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Campus is now sprinkled with new sculptures

Student-made sculptures are scattered throughout campus.

Student-made sculptures are scattered throughout campus.

Photo by Ava Deluca

Student-made sculptures are scattered throughout campus.

Photo by Ava Deluca

Photo by Ava Deluca

Student-made sculptures are scattered throughout campus.

Campus is now sprinkled with new sculptures

September 11, 2019

For a long time, the arts have been an important part of the culture of San Dieguito Academy. One needs only to take a walk through campus to understand how the murals and artistic pieces scattered about contribute to SDA’s unique environment.

Zach Ramirez, AP Studio Art and Sculpture teacher wants to maintain this culture that SDA students value so highly. He believes that art is a great way for students to express their feelings and explore their imaginations. “There’s something about physically making stuff… it’s therapeutic,” he ventures. Having this kind of creative outlet  not only proves to be very enjoyable for students, but Ramirez has a unique dedication to giving his students the freedom to create. He hopes to “jumpstart the car but let the students drive it,” allowing students to take pride in their own, individual work.

Teaching sculpture for the first time in his career, Ramirez comments on the ways in which sculpture differs from traditional art classes. As the ceramic medium is not as accessible as compared to other mediums of art, most students come to class with only a basic level of ability. This allows students to develop alongside each other without the feeling of being unprepared. Ramirez said he believes that “great work [comes] from creativ[ity] and adapt[ation],” in a classroom with “a good environment” where it is “a lot of fun.”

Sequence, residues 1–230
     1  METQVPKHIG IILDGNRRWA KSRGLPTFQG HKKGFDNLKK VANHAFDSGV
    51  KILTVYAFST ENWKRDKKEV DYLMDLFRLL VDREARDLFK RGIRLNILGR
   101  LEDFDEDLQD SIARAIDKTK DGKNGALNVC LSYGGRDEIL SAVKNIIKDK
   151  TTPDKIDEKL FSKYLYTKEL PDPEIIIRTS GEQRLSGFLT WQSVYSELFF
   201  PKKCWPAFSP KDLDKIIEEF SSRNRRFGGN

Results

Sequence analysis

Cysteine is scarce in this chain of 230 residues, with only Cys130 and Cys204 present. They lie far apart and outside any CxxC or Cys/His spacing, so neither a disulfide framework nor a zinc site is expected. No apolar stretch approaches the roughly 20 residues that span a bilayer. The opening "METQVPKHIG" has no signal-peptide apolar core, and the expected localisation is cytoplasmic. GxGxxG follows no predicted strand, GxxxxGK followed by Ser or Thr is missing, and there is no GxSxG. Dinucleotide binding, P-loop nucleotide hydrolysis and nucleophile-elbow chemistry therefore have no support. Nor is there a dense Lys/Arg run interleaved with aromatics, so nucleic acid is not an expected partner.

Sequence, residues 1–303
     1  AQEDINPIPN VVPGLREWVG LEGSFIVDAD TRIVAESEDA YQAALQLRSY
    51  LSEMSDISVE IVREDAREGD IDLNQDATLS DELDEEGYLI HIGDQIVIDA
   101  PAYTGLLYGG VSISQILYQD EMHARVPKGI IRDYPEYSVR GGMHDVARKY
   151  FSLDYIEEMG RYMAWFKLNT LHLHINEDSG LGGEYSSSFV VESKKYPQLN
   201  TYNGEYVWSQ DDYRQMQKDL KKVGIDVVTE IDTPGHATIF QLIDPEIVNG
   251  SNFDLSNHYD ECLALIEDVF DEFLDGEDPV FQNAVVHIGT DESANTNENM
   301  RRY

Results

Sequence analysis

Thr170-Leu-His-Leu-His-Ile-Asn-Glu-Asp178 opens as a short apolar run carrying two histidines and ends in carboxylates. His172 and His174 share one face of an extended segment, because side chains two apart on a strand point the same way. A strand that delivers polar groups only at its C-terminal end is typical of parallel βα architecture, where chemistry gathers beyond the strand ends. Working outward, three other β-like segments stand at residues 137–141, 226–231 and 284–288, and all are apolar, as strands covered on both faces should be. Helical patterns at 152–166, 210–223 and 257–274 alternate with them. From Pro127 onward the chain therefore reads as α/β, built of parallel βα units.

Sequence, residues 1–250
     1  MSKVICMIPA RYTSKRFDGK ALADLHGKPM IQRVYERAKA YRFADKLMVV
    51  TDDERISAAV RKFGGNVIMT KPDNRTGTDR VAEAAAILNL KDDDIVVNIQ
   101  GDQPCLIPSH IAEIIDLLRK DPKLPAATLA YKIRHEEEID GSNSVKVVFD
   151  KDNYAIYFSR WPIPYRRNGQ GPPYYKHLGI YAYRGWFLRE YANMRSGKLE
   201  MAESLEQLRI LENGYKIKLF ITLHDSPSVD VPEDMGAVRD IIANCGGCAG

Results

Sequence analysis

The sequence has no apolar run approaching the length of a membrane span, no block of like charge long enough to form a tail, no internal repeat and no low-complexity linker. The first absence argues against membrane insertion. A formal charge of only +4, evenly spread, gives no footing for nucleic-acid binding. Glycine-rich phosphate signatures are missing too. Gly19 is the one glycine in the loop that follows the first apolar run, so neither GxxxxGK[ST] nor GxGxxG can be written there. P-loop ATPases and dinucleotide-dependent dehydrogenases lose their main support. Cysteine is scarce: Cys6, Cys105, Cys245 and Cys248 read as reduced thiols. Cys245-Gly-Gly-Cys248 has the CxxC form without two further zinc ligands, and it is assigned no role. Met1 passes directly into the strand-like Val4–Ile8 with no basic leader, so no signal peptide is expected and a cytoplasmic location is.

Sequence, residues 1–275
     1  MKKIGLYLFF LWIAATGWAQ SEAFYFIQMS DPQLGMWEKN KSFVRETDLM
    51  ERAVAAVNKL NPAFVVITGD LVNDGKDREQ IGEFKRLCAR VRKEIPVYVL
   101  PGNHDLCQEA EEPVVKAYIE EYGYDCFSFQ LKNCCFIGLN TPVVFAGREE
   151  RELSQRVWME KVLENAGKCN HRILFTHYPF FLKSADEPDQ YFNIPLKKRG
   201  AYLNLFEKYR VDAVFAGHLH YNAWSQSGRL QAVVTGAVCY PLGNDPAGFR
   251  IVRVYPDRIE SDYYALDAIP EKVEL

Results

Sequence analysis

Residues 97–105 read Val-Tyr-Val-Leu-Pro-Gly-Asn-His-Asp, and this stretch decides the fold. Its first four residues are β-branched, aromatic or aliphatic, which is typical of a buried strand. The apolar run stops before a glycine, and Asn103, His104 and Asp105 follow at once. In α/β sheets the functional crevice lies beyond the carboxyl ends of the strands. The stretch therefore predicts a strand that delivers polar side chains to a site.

Eventually, it is possible that works of sculpture will be put up around campus. After all, as Ramirez puts it, “places with strong public art have strong identity.”  For this reason, many aspiring artists among SDA’s student body are eager to get their hands on the white walls of the new building, with Ramirez noting how we “impose our culture on blank canvases [and] put our stamp on them,”

Unfortunately, the designated classroom for sculpture has been rendered temporarily inaccessible, which has resulted in the sculpture students working with cardboard rather than the traditional ceramic.

Despite all these setbacks, SDA’s artistic culture still thrives with fresh input and perspective from students. On September 11th, AP art studio will begin a two month exhibition of the class’ talented students at the Encinitas Community Center where everyone is encouraged to visit. 

In the words of Ramirez, “If you like being creative, if you like getting your hands dirty, if you like making things, come take an art class.” 

Contributions by Julia Morrow, Ava Deluca, Sydney Randolph, and Kylie Schwartz

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